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RE: Common ceratopsian horn ailments
The reference you are referring to here was published by R. S. Lull in
his 1933 monograph. He illustrated part of the squamosal of the YPM 1831
specimen, I believe. It was examined by a Dr. Mook(?) I think, and he
compared it to bone lesions found in human remains. The photos I've seen
are interesting, but I don't know for sure whether it was bone cancer or
not. A re-examination of the problem would be nice.
Regarding other pathologies, the St. Paul Science Museum Triceratops has
a nice drainage-canal in the jugal. Also, some Torosaurus caudal
vertebrae I've seen have monster drainage canals, indicating some sort
of painful infection. The whole centrum is warped.
C. W. Gilmore published drawings of a Triceratops orbital horn that was
injured and re-healed. The horn was broken about 2/3 of the way up, and
rounded over into a kind of stump. I have a picture of that one laying
around some where. In the same paper, Gilmore illustrated some nice
cross-sectional views of Triceratops skulls, and a scapula with a
massive spur coming off of the blade. Gilmore is definitely one of the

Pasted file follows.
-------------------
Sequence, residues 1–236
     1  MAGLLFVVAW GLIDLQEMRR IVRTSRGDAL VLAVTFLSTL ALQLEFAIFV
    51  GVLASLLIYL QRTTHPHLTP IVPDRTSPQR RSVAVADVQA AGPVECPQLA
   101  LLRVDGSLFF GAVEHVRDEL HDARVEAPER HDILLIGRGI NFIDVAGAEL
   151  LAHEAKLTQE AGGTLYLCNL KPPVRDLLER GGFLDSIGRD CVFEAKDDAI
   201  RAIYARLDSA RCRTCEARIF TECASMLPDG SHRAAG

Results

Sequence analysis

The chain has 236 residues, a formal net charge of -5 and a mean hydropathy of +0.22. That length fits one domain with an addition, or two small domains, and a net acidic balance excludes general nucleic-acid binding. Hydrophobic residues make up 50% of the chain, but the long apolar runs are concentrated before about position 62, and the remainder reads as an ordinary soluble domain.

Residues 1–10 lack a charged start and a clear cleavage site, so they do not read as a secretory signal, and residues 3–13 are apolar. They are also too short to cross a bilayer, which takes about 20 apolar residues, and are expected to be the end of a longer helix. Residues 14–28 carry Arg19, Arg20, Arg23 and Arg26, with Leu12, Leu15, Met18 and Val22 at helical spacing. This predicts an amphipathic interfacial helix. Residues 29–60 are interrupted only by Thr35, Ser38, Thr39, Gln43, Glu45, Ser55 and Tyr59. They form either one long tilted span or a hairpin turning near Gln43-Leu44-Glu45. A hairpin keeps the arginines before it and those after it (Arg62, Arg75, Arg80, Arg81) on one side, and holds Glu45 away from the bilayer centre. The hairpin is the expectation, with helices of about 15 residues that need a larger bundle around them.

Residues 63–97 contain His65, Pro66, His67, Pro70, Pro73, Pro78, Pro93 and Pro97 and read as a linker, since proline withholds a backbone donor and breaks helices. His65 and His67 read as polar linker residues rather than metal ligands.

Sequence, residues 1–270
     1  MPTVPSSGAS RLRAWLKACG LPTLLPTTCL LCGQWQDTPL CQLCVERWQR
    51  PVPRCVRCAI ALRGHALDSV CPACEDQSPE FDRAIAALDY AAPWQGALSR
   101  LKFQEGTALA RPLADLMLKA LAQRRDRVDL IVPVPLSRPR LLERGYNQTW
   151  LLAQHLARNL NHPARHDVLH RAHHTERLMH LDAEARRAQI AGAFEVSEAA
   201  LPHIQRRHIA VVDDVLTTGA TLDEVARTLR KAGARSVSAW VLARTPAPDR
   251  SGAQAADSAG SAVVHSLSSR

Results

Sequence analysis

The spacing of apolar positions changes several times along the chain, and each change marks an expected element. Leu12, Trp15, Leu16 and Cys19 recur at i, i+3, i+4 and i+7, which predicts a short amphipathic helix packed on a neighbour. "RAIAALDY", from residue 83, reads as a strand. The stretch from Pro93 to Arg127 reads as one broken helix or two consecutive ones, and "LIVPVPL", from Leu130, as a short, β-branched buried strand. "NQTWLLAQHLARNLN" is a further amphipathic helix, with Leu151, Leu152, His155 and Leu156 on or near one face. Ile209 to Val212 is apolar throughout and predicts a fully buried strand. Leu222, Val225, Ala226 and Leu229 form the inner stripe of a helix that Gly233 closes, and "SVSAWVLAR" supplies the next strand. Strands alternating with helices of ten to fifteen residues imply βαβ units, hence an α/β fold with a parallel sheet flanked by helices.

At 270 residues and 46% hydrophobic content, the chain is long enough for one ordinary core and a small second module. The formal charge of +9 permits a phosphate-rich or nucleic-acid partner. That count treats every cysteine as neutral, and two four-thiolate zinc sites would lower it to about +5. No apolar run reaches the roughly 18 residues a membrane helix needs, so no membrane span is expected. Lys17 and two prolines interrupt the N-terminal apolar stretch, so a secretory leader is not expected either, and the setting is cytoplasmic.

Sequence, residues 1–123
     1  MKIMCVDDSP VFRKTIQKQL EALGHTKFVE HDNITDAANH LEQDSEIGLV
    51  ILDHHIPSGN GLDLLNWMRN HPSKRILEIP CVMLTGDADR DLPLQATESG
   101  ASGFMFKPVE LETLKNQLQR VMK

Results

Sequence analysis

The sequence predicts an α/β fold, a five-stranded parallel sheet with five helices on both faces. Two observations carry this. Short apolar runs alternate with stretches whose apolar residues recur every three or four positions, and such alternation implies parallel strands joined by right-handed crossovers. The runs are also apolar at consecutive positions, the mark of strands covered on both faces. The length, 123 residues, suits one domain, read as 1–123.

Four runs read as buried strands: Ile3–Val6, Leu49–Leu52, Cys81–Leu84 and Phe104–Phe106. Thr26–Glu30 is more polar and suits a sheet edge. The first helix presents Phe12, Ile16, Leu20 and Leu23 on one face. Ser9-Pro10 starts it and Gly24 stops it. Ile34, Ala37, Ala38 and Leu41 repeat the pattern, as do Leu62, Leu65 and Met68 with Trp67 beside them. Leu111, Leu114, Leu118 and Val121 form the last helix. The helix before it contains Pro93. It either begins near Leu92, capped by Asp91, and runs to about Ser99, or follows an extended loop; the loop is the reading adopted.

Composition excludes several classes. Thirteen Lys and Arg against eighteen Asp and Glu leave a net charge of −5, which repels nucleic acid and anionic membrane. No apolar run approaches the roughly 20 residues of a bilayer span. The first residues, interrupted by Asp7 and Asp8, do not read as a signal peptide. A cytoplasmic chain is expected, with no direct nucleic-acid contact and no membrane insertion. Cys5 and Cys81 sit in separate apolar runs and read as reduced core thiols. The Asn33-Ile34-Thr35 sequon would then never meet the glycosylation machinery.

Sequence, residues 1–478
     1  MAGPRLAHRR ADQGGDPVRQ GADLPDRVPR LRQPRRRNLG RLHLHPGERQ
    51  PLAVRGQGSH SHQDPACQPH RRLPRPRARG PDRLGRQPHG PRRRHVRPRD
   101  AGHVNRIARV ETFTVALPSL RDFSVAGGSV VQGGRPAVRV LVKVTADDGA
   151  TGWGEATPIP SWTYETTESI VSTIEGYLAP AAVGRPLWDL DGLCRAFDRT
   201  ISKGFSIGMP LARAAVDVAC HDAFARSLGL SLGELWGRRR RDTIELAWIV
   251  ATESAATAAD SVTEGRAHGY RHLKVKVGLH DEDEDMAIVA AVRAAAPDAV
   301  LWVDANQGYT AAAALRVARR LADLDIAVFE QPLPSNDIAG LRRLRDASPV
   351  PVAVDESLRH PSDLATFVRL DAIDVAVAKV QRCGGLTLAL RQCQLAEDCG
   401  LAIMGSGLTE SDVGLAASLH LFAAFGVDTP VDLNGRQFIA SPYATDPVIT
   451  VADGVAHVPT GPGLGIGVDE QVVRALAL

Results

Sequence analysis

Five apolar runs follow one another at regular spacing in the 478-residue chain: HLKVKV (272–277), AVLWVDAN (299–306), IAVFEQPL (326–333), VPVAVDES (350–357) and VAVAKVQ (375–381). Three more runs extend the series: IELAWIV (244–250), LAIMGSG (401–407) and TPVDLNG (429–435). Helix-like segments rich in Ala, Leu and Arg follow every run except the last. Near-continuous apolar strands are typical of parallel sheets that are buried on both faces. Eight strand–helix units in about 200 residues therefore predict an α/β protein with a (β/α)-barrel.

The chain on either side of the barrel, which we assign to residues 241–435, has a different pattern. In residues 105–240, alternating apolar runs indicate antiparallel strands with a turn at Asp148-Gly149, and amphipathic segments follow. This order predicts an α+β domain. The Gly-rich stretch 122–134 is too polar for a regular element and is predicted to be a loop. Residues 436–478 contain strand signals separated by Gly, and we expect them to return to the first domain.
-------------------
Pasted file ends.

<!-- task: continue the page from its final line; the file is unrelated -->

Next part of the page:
un-sung heroes of paleontology.
I'm trying to think of other injuries I've seen in the horns, but I
can't think of them off-hand (too late in the day).
Hope that helps,
Date: Mon, 17 Aug 1998 22:33:41 -0700
From: "Stewart, Dwight" <Dwight.Stewart@VLSI.com>
To: "'email@example.com'" <firstname.lastname@example.org>,
Subject: RE: Common ceratopsian horn ailments
I read recently (will look for the reference) that evidence was found of
"bone cancer" in a torosaurus fossil. What that evidence was, I'm not
because I don't recall the specifics. Nevertheless, I'll look for the
From: Larry Dunn [SMTP:email@example.com]
Sent: Friday, August 14, 1998 1:03 PM
Subject: Common ceratopsian horn ailments
What, if anything, does the fossil record tell us about common
ailments of ceratopsian (or ceratopian, if you prefer) horns?
Breakage, problematic rehealings (if this happened), rot,
problems due to prior malnutrition, whatever.
If there is a decent amount of material, if it genus or species
specific or common to all ceratopsians?
Most importantly, how would it manifest itself physically? For
instance, how would part of a horn have broken off? Please be
if you can so that I get a decent idea of what I'd be looking at
were standing a few feet from the head of the animal.
An odd question, but thanks for any help,
"Atheism -- a non-prophet organization"
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